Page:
20 July 2011
Dr Helen Coulthard from De Montfort University Leicester, in collaboration with colleagues at the universities of Bristol and Birmingham, discovered that feeding babies home-cooked or raw fruit or home-cooked vegetables was associated with an increase in consumption and variety of fruit and vegetables in children aged seven.
Weaning babies on ready-prepared fruit and vegetables, such as baby food jars and packets, made no difference to the increased eating of fruit and vegetables.
Dr Coulthard said:
‘The range and type of foods that young children eat is becoming an increasing cause for concern, in particular children do not seem to be eating the amounts of fruit and vegetables recommended for health.
‘In 1998 the average intake of fruit and vegetables in young children in the UK was two and half portions a day. There have been and continue to be many initiatives to increase this figure to the recommended five portions a day.
‘It is interesting that feeding babies ready-prepared fruit and vegetables at six months had no positive effect on later fruit and vegetable consumption.
‘This may be due to the fact that infants are fed types of vegetables in ready-prepared foods that the family do not usually eat. It may also be that mothers who use ready-prepared foods do not eat as much fruit and vegetables themselves or are more likely to rely on convenience foods.
‘In addition, fruit and vegetables from packets, jars and tins are likely to have a uniform taste and texture, whereas those cooked at home or eaten raw will vary according to the variety of the particular fruit or vegetable, whether it is in season and the cooking method. These variations in the taste and texture of fruit and vegetables should expose an infant’s palate to a wider range of experience, increasing the likelihood they will accept a wider range of foods.’
The study also shows that the age of introduction and the frequency of exposure to home-cooked vegetables affected intake.
Babies weaned earlier, between four and six months, and exposed to fruit and vegetables regularly, had higher levels of consumption.
Those weaned later, closer to the six months recommended by the World Health Organisation, and given fruit and vegetables less frequently were likely to eat fewer vegetables at seven years of age.
However, infants who were introduced to home-cooked vegetables at a later age but given them more frequently had levels of intake at seven years comparable to those infants who had been introduced to vegetables at an earlier age.
This suggests that mothers who decide to introduce solid foods at a later age should feed their infants a variety of fruit and vegetables more frequently to increase exposure to a variety of tastes in this crucial period of feeding.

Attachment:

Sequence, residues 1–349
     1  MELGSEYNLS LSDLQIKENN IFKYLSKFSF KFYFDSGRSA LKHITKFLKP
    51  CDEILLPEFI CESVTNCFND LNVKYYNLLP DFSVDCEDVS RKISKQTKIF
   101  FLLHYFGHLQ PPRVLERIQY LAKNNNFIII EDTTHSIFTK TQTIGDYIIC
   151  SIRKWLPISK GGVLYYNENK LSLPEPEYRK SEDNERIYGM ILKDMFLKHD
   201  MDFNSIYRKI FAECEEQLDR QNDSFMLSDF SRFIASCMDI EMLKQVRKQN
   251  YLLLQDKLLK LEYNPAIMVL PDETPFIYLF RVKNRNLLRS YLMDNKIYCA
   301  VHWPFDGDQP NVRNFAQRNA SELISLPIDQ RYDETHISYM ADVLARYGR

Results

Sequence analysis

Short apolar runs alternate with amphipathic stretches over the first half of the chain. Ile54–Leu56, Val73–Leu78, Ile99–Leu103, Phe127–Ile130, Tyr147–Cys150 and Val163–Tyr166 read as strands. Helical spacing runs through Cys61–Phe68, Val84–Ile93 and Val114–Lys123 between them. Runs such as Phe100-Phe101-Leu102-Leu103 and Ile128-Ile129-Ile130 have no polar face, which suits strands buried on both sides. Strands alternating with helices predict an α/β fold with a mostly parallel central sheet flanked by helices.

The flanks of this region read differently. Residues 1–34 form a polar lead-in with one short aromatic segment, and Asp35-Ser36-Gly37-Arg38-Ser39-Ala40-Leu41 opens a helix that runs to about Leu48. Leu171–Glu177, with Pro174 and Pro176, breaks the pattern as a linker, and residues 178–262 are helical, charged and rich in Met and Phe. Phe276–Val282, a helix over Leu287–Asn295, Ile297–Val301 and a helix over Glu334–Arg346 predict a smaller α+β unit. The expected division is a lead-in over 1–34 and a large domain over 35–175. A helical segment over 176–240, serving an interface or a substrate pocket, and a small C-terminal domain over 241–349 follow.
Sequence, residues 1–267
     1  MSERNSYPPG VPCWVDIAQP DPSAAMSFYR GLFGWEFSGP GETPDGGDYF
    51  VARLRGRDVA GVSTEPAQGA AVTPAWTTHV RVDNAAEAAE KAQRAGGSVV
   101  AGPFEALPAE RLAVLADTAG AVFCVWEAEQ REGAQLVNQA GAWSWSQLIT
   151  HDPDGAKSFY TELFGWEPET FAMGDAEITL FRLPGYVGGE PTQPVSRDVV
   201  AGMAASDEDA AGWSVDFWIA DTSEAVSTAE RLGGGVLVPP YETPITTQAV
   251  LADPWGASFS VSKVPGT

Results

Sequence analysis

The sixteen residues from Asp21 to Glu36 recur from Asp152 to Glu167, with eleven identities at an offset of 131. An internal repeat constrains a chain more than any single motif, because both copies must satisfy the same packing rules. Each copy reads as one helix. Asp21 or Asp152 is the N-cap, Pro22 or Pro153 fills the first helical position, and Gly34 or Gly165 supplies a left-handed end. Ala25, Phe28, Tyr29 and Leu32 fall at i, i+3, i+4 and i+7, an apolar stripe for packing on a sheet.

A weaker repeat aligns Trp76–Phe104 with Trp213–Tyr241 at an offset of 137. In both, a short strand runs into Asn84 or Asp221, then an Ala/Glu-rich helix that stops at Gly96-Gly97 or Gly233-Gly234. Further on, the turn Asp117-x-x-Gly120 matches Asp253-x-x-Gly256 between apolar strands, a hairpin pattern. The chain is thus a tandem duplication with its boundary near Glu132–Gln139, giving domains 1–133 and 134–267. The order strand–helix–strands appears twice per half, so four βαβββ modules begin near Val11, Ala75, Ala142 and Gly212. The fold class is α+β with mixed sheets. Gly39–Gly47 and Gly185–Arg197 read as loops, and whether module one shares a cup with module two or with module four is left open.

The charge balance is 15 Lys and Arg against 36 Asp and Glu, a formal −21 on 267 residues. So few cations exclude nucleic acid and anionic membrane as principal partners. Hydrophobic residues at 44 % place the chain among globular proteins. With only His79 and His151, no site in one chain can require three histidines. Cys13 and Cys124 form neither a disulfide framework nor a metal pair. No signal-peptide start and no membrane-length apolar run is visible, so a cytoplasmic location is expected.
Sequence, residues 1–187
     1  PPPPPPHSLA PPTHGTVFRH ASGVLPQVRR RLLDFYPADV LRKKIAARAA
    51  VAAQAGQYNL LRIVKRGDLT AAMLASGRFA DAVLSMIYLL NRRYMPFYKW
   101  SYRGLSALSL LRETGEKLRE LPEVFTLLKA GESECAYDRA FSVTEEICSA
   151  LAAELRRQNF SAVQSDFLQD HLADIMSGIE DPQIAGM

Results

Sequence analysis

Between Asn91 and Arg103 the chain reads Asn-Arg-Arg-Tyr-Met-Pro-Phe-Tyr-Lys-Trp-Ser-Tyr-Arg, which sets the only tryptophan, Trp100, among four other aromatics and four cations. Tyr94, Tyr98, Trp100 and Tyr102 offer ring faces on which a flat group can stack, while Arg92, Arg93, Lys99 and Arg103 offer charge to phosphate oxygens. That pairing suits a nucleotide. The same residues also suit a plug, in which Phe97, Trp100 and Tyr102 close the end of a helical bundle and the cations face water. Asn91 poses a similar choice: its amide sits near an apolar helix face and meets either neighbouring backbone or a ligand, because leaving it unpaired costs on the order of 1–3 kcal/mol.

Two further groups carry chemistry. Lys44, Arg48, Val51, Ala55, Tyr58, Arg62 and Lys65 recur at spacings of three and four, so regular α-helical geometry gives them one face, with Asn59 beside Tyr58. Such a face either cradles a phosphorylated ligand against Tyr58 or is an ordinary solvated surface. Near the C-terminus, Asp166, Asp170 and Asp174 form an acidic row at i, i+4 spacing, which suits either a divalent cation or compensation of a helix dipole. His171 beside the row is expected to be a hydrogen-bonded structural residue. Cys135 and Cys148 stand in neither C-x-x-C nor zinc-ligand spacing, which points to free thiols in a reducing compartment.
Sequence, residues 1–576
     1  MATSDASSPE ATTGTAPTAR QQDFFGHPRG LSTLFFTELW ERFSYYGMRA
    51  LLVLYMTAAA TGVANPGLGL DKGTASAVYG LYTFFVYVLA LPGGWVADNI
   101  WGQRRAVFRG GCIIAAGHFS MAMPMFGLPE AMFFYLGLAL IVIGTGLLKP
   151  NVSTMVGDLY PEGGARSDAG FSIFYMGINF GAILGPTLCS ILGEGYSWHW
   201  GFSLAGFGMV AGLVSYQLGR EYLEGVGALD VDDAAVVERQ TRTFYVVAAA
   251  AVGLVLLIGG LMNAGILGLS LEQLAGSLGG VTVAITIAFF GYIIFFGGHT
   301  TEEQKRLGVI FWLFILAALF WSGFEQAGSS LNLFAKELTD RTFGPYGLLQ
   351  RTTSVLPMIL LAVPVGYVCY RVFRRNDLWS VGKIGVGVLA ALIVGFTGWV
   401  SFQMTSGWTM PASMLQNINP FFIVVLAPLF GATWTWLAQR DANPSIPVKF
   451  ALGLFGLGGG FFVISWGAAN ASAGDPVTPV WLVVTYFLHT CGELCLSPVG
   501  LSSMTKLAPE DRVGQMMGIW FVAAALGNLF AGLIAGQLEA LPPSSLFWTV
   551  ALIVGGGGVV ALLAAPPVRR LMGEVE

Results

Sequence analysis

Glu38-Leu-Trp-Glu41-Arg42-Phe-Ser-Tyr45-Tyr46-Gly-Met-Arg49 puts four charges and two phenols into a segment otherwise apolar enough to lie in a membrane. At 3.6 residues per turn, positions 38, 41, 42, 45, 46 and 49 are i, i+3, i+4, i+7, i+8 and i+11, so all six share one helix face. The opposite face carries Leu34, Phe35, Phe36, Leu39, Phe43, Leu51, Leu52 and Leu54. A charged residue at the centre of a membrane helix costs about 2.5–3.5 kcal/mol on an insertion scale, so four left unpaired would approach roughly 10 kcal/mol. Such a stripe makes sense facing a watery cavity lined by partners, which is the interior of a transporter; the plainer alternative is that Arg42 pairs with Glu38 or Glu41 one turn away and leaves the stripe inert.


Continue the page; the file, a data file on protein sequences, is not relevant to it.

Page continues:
Dr Coulthard added:
‘The study shows that weaning a baby between four and six months on home-cooked or raw fruit and home-cooked vegetables increases the likelihood that they will eat fruit and vegetables as children.
‘It is also interesting that consumption of ready-prepared vegetables was negatively associated with the consumption of green vegetables in children at seven years of age. Green vegetables tend to have a slightly bitter taste and babies may need to try them several times before they will eat them.
‘The research has provided evidence that the early weaning period is an important time for the introduction of fruit and vegetables and that exposure in this period is a good indicator of later frequent consumption of fruit and vegetables.
‘It is likely that mothers who place importance on providing their child with a diet that is high in fruit and vegetables will start this process during the early weaning period.
‘Health workers should encourage the introduction of home-cooked fruit and vegetables rather than ready-prepared baby foods to infants during the weaning process. High levels of fruit and vegetable feeding should be recommended early in the weaning process to optimise the effects of exposure.’
The study is based on information collected from more than 7,500 mothers of infants involved in the Children of the 90s study, a long-term research project which monitors the health and development of the children and their parents.
1. Based at the University of Bristol, Children of the 90s is a long-term health research project that enrolled more than 14,000 pregnant women in 1991 and 1992. It has been following the health and development of the mothers and their children in great detail ever since. Find out more about the project on YouTube. Film courtesy of the Wellcome Trust.
2. The paper can be downloaded here: https://fluff.bris.ac.uk/fluff/u/indoh/NeDQY4hmqRiqHew8Uf6sAgOl/